Himizu | Review
Suffer the Children: Sono’s Social Dystopia a Melancholy Landscape
It appears that 2014 will be a year that sees a flood of Sion Sono’s back catalogue finally hitting US theaters. A pair of 2011 titles will be released concurrently from Olive films, the cap of his hate trilogy, Guilty of Romance, and the more substantially impressive, Himizu, a manga adaptation updated to reflect the devastation of post-tsunami Japan. The flood continues with the release of one of Sono’s most restrained films ever with The Land of Hope, which closely examines a family in a fictionalized district directly affected by nuclear radiation. While Hope plays sort of like an update of Shohei Imamura’s Black Rain (1988), it’s a far cry from the desperate rage imploding the societal core clearly on display here. And while, by Sono’s standards, it seems just conservative enough with its violence to convey a sense of degradation before slumping into an apathetic home stretch, it’s the compelling duo at the center of the film that lends a sincerity often absent from Sono’s oeuvre.
The aftermath of a devastating earthquake, resulting in a physical landscape reduced to a rubble that seems to be the physical manifestation of a cruelly warped existence, finds lonely Sumida (Shota Sometani) making friends with a variety of people left to squat in tents nearby his rundown family business of boat rentals. A washed away shack prominently lurks in the surrounding body of water and business doesn’t really seem to be booming, though Sumida’s staunchly aggressive father shows up often to beat him up for money, while disinterested mom (Sono favorite, Megumi Kagurazaka) absconds with another man. At school, a homeroom teacher preaches syrupy propaganda about every student being a special flower, while Sumida’s disdain for all the bullshit brings him into orbit with Keiko (Fumi Nikaido), who harbors a secret crush on the brooding young man. It’s apparent that Keiko hails from an equally dysfunctional family, a mother whose melodramatic flourishes play like oddball hyperbole in comparison to the repetitive physical degradation Sumida must suffer. While Keiko plies herself on Sumida and tries to help him revamp business, a nasty loan shark (Denden) comes looking for a large amount of money that Sumida’s dad owes him. As valiantly as he tries to overcome his current existence, Sumida soon sinks into the envelope of despair that’s been creeping in at the corners since we were first introduced to him.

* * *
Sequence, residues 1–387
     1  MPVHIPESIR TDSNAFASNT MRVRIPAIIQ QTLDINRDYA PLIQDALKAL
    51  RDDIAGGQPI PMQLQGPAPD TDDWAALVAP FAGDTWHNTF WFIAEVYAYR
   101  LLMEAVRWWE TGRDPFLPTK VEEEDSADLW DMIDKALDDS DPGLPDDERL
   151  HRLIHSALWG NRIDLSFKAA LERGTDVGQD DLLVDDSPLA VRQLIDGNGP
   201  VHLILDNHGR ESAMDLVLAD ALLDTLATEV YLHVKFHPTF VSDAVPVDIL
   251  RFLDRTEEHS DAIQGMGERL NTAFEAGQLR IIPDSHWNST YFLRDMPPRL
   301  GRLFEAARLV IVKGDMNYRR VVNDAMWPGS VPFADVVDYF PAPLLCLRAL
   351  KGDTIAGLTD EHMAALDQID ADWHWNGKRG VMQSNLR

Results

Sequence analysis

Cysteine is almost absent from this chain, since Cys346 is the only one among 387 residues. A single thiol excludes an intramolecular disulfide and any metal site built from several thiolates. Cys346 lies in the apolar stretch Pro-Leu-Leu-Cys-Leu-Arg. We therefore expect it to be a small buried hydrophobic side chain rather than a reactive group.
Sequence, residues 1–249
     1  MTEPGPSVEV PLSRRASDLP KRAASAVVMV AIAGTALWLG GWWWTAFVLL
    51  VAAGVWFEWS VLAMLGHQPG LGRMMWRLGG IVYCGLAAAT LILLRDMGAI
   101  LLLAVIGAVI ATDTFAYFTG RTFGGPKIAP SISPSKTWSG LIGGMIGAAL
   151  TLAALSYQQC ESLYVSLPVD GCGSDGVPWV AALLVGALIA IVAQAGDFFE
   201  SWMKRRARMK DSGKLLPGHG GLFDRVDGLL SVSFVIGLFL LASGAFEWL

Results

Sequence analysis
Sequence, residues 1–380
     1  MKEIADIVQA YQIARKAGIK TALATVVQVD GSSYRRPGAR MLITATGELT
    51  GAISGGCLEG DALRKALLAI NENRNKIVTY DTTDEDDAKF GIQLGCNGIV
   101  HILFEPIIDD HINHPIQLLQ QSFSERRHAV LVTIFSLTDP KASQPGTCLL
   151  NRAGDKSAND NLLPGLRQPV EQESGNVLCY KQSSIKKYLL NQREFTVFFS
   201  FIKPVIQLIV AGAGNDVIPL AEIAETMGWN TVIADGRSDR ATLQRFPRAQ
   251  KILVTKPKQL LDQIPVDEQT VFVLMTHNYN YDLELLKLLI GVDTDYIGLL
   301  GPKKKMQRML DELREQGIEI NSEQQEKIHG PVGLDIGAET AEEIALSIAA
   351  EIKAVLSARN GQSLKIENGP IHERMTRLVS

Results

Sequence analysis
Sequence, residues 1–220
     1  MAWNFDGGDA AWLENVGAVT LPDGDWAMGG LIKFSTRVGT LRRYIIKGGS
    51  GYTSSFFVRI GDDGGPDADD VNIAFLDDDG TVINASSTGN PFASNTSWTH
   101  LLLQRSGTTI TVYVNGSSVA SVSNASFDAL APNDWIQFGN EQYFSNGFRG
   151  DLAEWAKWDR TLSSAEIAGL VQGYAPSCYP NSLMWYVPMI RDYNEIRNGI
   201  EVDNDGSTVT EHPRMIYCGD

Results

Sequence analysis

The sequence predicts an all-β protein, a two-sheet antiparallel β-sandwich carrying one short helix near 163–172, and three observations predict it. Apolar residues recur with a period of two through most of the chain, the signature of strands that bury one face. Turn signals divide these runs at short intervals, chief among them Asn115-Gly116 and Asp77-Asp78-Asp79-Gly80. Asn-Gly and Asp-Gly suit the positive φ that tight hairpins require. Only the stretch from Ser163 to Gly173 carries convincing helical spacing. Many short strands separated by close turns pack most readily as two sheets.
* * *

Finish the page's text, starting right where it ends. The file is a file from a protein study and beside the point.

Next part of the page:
Himizu, so named for a mole indigenous to Japan that Sumida likens himself to, is clearly a dystopic parable about societal ills. Everywhere Sumida turns there is rampant and aggressive violence, which only begets more violence, as if some kind of invisible ills have seeped through the cracked earth and crushing debris, instigating the regression of civilization.
As is customary for many a Sono feature, off putting tonal shifts distract rather than add to the dramatic possibilities, which is unfortunate since Sumido and Keiko happen to be some of his most affecting protagonists to date. While Himizu may not be part of Sono’s Hate Trilogy (Love Exposure; Cold Fish; Guilty of Romance), something often caused by the absence of love, it may as well be, as it’s offering the same bleak portrait of a world gone mad, the love and care of another perhaps the one bit of redemptive hope to keep one’s head above water and one’s knife in the sheath.
★★★ / ☆☆☆☆☆